Habitat Restoration On Mashel River Showing Results

EATONVILLE (June 14, 2006) – Engineered logjams on the Mashel River are leading to more salmon and a natural increase of their habitat.

Two years ago logjams were constructed along a one mile stretch of the Mashel by the Nisqually Tribe and the South Puget Sound Salmon Enhancement Group. “While the initial restoration work added some habitat to what had been a river lacking many habitat features, nature has been building on our work,” said Jeanette Dorner, salmon recovery manager for the Nisqually Tribe.

The logjams create more habitat by capturing fallen trees that would have otherwise floated down river. Logjams create deep pools in which adult salmon can rest in while making their way upstream. They also provide shelter and food for juvenile salmon migrating out to sea.

Past logging has starved the Mashel of riverside trees necessary for logjams to forming logjams naturally. “By building logjams, we have jump started the process of habitat creation on the Mashel,” said Dorner.

Coho, a species struggling in the Nisqually watershed, have especially benefited from the increased rearing habitat on the Mashel. “Because coho spend an extra year in freshwater when they’re young, they depend on freshwater habitat more than other species of salmon,” said Dorner. “An increase in freshwater habitat will benefit all species of salmon, but especially coho.”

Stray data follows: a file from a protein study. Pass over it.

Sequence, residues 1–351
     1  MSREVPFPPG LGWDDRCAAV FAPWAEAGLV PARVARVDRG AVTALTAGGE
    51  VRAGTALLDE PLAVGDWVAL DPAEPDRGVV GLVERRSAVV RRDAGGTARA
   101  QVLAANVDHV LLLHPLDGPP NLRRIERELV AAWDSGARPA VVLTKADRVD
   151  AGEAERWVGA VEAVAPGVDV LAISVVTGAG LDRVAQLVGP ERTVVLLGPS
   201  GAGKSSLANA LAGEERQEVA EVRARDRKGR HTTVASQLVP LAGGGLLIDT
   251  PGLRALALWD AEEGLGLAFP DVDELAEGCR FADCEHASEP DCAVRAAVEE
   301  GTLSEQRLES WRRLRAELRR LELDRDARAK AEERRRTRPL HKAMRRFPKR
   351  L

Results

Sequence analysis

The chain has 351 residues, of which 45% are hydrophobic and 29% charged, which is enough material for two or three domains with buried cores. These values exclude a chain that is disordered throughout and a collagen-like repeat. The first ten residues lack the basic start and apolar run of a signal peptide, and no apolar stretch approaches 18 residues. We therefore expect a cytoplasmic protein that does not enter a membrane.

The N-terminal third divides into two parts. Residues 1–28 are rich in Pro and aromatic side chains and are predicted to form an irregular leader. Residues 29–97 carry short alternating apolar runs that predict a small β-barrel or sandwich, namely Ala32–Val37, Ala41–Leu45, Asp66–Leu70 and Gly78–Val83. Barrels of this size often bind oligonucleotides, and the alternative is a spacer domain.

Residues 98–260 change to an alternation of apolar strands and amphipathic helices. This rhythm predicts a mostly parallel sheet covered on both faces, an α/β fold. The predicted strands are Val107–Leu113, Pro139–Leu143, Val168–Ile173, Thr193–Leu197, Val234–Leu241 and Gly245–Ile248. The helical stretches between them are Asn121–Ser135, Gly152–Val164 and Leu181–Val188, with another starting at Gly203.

The restoration project is also providing additional protection for chinook salmon, which are listed under the federal Endangered Species Act. “The Mashel River is one of only two tributaries in the watershed that chinook use to spawn,” said Dorner. “By increasing habitat overall, we’re lessening the chance that a single disaster, like a landslide in the Nisqually River, could wipe out the population.”

The habitat restoration work in the lower river will be complemented by additional restoration work to be done this summer in the upper Mashel River. The tribe and the enhancement group will restore a stretch of the Mashel that flows through a popular park in Eatonville. A rip-rap levee will be removed and replaced with a series of logjams.

“The Mashel River is an example that in-stream habitat restoration works and benefits salmon,” said Dorner. “Habitat restoration and protection are the most important things we can do to recovery struggling salmon stocks.”


For more information, contact: Jeanette Dorner, salmon recovery manager, Nisqually Indian Tribe, (360) 438-8687. Emmett O’Connell, South Sound information officer, NWIFC, (360) 438-8687.